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Sample records for endometriosis

  1. Endometriosis

    MedlinePlus

    ... link between infertility and endometriosis? Almost 40% of women with infertility have endometriosis. Inflammation from endometriosis may damage the sperm or egg or interfere with their movement through the fallopian tubes and uterus. In severe ...

  2. Endometriosis

    MedlinePlus

    ... and does not go away after treatment, a hysterectomy may be a “last resort” option. Endometriosis is ... removed at the same time you have the hysterectomy. There is a small chance that pain will ...

  3. Endometriosis

    MedlinePlus

    ... Related information Infertility fact sheet Menstruation and the menstrual cycle fact sheet Pregnancy Endometriosis on the fallopian tubes, ... periods that last more than seven days Short menstrual cycles (27 days or fewer) A family member (mother, ...

  4. Endometriosis

    MedlinePlus

    ... of peritoneal cells. In what's known as the "induction theory," experts propose that hormones or immune factors ... women who have had endometriosis. By Mayo Clinic Staff . Mayo Clinic Footer Legal Conditions and Terms Any ...

  5. Adolescent endometriosis.

    PubMed

    Sarıdoğan, Ertan

    2017-02-01

    Endometriosis is a common finding in adolescents who have a history of chronic pelvic pain or dysmenorrhoea resistant to medical treatment, however the exact prevalence is unknown. Both early/superficial and advanced forms of endometriosis are found in adolescents, including ovarian endometriomas and deep endometriotic lesions. Whilst spontaneous resolution is possible, recent reports suggest that adolescent endometriosis can be a progressive condition, at least in a significant proportion of cases. It is also claimed that deep endometriosis has its roots in adolescence. Optimum treatment is far from clear and long term recurrence is still a significant problem. The most frequently reported treatment approach in the published literature is a combination of surgery and postoperative hormonal treatment with the combined oral contraceptives, progestins, levonorgestrel intrauterine system or gonadotrophin releasing hormone analogues. Use of gonadotrophin releasing hormone analogues and long term progestins should be carefully considered due to concerns over continuing bone formation in this age group. There is currently no consensus as to whether surgery should be avoided as much as possible to prevent multiple operations in the long term, or surgical treatment should be considered at an early stage before more severe lesions develop. Further research is required to determine which approach would offer a better long term outcome. Copyright © 2016 Elsevier Ireland Ltd. All rights reserved.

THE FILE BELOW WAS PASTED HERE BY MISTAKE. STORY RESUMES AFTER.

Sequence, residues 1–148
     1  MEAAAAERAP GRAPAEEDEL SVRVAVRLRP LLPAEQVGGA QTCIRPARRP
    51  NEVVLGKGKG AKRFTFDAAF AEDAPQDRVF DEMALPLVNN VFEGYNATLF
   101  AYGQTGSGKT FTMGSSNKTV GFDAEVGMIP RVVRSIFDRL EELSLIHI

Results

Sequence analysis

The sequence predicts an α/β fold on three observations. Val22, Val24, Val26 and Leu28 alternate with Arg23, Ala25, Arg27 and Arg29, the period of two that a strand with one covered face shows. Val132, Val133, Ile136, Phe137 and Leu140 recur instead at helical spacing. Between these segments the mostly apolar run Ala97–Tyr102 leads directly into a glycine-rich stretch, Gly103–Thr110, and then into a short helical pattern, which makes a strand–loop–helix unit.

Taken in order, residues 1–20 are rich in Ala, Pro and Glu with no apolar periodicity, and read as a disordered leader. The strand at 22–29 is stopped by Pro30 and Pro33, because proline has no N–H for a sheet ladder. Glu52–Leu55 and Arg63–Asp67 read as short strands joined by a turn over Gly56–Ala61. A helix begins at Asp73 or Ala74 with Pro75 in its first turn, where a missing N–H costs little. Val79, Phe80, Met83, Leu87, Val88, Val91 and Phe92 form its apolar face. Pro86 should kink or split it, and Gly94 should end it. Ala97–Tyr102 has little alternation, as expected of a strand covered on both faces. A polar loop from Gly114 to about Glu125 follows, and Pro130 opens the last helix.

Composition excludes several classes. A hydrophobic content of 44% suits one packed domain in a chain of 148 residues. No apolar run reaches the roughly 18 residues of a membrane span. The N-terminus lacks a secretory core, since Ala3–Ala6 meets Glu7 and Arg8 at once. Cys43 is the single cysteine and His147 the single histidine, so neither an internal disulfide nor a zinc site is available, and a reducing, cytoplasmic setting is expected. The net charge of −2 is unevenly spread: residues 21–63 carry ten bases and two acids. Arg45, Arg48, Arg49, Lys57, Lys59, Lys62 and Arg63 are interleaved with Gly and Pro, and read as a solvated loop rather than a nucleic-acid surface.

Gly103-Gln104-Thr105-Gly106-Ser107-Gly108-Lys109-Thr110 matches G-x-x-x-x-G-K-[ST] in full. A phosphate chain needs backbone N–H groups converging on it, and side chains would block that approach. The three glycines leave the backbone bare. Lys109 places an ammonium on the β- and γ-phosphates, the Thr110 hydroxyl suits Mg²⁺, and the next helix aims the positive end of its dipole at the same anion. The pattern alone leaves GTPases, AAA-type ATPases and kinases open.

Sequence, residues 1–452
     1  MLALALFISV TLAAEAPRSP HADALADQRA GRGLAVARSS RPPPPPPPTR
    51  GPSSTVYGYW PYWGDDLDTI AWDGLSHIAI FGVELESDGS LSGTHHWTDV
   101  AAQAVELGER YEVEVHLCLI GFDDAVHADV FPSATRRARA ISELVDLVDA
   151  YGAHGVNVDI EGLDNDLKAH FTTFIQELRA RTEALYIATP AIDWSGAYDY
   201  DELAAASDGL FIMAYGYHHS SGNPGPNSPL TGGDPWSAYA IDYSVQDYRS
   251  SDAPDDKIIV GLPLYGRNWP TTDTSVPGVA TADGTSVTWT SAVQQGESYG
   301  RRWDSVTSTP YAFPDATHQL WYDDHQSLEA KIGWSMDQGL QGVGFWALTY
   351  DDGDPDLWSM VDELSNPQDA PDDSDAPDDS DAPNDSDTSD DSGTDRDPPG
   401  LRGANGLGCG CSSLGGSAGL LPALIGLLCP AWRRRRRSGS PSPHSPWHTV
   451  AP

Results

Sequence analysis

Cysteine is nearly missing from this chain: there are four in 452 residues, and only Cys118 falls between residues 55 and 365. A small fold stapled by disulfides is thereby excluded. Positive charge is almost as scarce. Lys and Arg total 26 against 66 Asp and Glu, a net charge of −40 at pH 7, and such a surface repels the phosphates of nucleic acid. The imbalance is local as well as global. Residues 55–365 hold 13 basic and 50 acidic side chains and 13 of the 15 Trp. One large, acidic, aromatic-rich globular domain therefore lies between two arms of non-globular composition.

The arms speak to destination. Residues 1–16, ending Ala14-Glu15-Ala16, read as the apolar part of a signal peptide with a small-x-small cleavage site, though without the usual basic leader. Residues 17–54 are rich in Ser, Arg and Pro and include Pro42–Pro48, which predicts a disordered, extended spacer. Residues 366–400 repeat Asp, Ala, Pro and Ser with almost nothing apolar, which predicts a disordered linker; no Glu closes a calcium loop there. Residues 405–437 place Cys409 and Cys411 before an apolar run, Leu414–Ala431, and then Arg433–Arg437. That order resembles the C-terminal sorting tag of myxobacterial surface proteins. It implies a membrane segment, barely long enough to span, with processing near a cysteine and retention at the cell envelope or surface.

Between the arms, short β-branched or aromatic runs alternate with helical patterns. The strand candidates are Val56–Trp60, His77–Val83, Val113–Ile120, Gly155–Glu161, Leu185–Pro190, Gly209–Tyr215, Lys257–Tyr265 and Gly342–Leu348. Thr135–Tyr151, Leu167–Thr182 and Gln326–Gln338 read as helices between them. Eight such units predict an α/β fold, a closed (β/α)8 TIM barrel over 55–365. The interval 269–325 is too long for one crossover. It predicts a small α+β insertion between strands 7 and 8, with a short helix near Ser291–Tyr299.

6. Endometriosis and the adolescent.

    PubMed

    Dovey, Serena; Sanfilippo, Joseph

    2010-06-01

    The majority of women with endometriosis report symptoms starting in adolescence, yet endometriosis is often a delayed diagnosis in this patient population. Given that endometriosis is felt to be a progressive disease with increasing morbidities over time, such as structural defects and infertility, being more aggressive with pursuing the diagnosis is warranted. Once the diagnosis of endometriosis is made, various medical and surgical treatment modalities are available, and this article will review the most current treatment recommendations.

  7. Interleukin-37 in endometriosis.

    PubMed

    Kaabachi, Wajih; Kacem, Olfa; Belhaj, Rafik; Hamzaoui, Agnes; Hamzaoui, Kamel

    2017-05-01